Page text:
Video quality is excellent, especially in FHD 1080p. This camera captures exclusively at 4K UHD then subsamples down to create a 1080p video, with that the field of view is unchanged, and the noise experienced in 1080p is almost nonexistent. It shoots Cinema 4K UHD at 24p and standard 4K at 60p at an impressive bitrate of up to 150 Mbps. Battery life is remarkable, roughly four and a half hours of continuous recording time.

The X1000 supports a multitude of professional-level features that set it apart from the contenders on this list. Namely, triple manual lens rings to control zoom, focus, and iris as well as a full-sized HDMI port and dual XLR inputs to handle pro-level high-performance microphones. Another unique feature is the in-camera 4K video editing feature, which allows users to performance pans, tilts, zooms, and stabilization in-camera while maintaining HD picture quality.

The vari-angle LCD positioned above the lens makes viewing during handheld shooting a more natural and welcomed addition. The variable frame rates available make this an excellent choice that fits smoothly into broadcast workflows. In all, this is a pro-level camera that highlights with satisfactory manual controls and a robust feature set that is pleasing for professionals, but a prosumer price point the amateurs appreciate.

Welcome to the Veo family!

Here's a step by step guide to get you up and running with Veo - from activating account to the first recording uploaded.

STEP 1:
Create and activate your Veo account

Upon receiving your Veo camera, you have either received a 'Welcome to Veo!' activation email or 'Create your Veo account' creation email.
Option 1: I have received Welcome to Veo! activation email:

Follow these steps to activate your Veo account:

1. Open the welcoming email (received from [email protected]) and click Activate Account link. Note that this link works only once.

2. Set your password and click Save.

3. Your Veo account is now activated!

Option 2: I have received Create your Veo account email:

1. Open the email (received from [email protected]) and click JOIN VEO link.

2. You will be able to create your account, password, your club and upload your club's logo:

3. Enter the information, accept the policies and click Join Veo. Your Veo account is now created and activated!

Didn’t receive the email? Check the spam folder in your email (activation email comes from [email protected]). If you still can't find it, please go through the Support Widget in the bottom right corner of your screen.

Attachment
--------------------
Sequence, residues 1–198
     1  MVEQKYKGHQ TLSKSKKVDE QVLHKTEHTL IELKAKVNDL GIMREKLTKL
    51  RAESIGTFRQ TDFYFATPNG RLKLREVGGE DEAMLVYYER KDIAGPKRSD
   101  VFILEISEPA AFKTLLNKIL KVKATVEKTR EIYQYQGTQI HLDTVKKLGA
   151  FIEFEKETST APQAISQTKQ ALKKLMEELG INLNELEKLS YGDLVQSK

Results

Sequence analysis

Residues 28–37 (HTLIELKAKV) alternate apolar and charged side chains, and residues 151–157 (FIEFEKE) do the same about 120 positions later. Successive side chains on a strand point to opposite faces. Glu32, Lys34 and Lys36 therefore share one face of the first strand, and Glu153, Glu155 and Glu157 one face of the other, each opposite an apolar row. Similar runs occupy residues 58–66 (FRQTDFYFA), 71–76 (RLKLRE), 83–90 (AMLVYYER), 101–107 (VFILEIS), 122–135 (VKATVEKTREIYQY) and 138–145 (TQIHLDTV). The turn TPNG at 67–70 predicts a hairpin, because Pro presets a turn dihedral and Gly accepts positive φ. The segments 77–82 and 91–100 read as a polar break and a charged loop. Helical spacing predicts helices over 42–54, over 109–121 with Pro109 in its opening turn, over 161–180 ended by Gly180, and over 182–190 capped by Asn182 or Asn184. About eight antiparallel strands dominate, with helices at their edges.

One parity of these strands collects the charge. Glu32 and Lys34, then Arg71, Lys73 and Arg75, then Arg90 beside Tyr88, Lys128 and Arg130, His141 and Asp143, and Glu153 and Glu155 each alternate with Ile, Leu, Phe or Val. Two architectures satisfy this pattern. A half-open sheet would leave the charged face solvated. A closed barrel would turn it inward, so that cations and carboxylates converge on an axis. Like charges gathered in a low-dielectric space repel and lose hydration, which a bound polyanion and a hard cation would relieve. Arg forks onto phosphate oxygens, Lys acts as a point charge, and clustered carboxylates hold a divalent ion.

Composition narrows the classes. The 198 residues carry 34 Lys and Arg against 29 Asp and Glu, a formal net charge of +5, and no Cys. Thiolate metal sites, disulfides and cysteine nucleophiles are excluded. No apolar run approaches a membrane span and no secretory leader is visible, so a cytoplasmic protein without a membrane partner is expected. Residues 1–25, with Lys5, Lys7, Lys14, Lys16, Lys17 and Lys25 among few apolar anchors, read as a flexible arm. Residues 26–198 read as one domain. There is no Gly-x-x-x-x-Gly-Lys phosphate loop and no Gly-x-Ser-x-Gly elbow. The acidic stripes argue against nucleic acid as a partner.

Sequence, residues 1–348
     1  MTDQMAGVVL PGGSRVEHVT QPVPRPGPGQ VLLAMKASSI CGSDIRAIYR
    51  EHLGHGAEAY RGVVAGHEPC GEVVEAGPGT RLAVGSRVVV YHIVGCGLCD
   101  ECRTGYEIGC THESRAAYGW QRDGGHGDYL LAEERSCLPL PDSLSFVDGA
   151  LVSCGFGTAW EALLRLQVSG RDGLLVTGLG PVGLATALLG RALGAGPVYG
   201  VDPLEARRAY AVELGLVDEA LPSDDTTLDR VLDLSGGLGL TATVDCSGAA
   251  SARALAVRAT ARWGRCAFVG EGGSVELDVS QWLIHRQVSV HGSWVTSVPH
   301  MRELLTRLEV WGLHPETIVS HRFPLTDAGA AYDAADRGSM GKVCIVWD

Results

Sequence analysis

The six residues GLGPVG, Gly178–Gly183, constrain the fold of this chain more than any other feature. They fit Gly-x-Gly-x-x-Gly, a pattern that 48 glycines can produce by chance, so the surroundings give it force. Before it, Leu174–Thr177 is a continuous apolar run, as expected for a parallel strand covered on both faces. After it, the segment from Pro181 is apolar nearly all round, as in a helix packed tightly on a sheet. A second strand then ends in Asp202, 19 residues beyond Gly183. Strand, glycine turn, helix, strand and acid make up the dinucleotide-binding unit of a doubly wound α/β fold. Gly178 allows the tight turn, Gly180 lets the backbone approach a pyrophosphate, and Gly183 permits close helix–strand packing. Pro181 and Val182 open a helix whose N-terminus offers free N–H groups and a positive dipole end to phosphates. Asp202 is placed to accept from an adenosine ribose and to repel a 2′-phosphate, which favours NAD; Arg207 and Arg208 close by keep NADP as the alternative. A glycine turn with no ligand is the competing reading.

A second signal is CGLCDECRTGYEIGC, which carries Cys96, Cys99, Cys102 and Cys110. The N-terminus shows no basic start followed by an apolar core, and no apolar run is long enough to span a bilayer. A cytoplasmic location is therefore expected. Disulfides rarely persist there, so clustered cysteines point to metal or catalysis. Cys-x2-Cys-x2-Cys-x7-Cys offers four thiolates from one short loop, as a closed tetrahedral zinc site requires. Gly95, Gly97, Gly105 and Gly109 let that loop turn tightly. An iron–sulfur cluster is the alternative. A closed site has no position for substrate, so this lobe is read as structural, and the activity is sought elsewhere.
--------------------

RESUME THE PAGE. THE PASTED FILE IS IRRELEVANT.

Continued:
STEP 2:
Register the camera to your Veo account

You’ve now activated your Veo account. It’s time to make sure your Veo camera is connected to your Veo account. Here are the steps to follow:

1. Turn on your Veo Camera.

2. Charge the camera by plugging in the charger. We recommend charging the camera at least for 4 hours before recording.

3. Connect your camera with the provided ethernet cable to a wall or router where you are sure there's the internet.

👉 How to check whether there is an internet connection? Connect the same cable to your computer instead of the Veo camera. Switch off the WiFi on your computer, and then check if the internet connection works by trying to access any website in your browser.

4. On your smartphone, connect to the WiFi: veocam-xxx. The WiFi password is written underneath the camera.

5. On your smartphone, use the browser to go to http://cam.veo.co.

🛠 Difficulties? Switch the mobile device to airplane mode to establish a stronger connection, enable WiFi again and try again.

6. Enter your login information that you have set when activating your Veo account.

Great, your camera is now registered to your account and is ready for recording. The login will not be necessary from this point on, and you can use any mobile device to connect to the camera's WiFi and record.


Camera web app explained

Here's an overview of how to navigate the Veo app (http://cam.veo.co) on your mobile device:

1. Home page
You can see a preview of what the camera is capturing. You can start and stop recording from here.

2. Camera settings
Click the bottom right icon to access it. You’re able to check storage settings, battery level, and temperature of the camera here. The “Format camera” function will delete all the recordings from the camera.

👉 At 100% the camera can record up to 5-6 hours of footage. An average 90 min match uses about 14 GB of data. The storage data will automatically be deleted from the camera when the game has been successfully uploaded.

3. Recordings list
You can see the status of your recordings here. Start uploading, rename, or delete your recordings. Note that deleting a recording in the App will not remove the recording from the Veo Cloud.

STEP 3:
Set up for recording

Requirements for a good recording:

✔ The camera is fully charged, and there’s sufficient storage space. Check both of these in camera settings page at http://cam.veo.co.